Thousands of tiny quakes shake Antarctic ice at night
Scientists say they have recorded thousands of tiny ice quakes in Antarctica at night, a phenomenon that may help track glacier melting and explain the breaking of large ice shelves
Washington: Scientists say they have recorded thousands of tiny 'ice quakes' in Antarctica at night, a phenomenon that may help track glacier melting and explain the breaking of large ice shelves.
Scientists at the University of Chicago in the US placed seismometers on the McMurdo Ice Shelf and recorded the 'ice quakes' that appear to be caused by pools of partially melted ice expanding and freezing at night. "In these areas we would record tens, hundreds, up to thousands of these per night," said Douglas MacAyeal, a professor at the University of Chicago. "It's possible that seismometers may be a practical way for us to remotely monitor glacier melting," MacAyeal said in a statement. Climate change is causing the Antarctic to melt, but glaciologists are still mapping how, where and why.
There is much we still do not understand about the process -- as evidenced by the massive Larsen B ice shelf collapse in 2002, which took glaciologists by surprise -- and understanding these mechanisms is key to predicting the future for the ice. MacAyeal and the team were interested in the role of "quakes" on the floating ice shelves. However, they wondered how often the phenomenon was occurring in ice in the Antarctic, and what role it might play in the melting and breakup of ice.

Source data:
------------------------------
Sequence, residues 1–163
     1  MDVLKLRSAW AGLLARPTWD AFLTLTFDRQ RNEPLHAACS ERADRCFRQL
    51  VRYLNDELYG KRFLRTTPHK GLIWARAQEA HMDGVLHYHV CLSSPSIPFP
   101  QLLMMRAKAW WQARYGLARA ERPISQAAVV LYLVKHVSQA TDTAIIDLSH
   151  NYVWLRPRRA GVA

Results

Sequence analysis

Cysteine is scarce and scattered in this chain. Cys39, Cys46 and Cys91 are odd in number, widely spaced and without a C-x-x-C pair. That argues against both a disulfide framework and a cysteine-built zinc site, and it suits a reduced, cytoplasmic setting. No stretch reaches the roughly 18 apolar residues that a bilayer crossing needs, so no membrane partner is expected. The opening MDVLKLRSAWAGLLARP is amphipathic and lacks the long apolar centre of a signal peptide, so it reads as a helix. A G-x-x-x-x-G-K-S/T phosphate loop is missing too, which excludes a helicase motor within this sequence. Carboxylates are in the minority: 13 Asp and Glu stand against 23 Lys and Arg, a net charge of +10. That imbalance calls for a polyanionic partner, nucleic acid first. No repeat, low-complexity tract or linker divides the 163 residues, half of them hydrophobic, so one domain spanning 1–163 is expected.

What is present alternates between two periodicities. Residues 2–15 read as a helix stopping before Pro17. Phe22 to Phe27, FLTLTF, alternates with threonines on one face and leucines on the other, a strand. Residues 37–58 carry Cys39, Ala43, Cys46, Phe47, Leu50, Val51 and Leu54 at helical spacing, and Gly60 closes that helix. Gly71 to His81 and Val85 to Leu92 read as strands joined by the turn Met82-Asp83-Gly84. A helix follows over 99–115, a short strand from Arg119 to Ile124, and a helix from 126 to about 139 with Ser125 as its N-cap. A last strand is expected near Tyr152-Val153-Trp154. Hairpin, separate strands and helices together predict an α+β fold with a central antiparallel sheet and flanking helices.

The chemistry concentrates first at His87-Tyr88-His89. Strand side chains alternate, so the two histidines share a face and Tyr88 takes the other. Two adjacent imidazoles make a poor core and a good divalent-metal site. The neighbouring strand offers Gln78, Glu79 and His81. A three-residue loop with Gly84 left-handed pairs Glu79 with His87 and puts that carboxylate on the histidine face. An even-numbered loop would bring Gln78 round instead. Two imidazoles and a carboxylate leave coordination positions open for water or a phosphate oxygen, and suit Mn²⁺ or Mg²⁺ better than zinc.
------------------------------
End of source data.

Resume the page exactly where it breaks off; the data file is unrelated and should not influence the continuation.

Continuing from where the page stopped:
The team set up seismometers for 60 days during the melt season in two locations near seasonal meltwater lakes on the McMurdo Ice Shelf. One was drier; the other was slushier, with pools of melted water forming and refreezing. The wetter location, they found, was alive with seismic activity at night. "In these ponds, there is often a layer of ice on top of melted water below, like you see with a lake that is only frozen on top," MacAyeal said.
"As the temperature cools at night, the ice on the top contracts, and the water below expands as it undergoes freezing. This warps the top lid, until it finally breaks with a snap," he said. The energy vibrates out into the surroundings, where it is picked up by seismometers. Some of the cracks re-heal, but some do not, MacAyeal said. It may explain why icebergs actually break off more frequently during colder times of the year. "Perhaps this is happening at longer, slower scales," he said.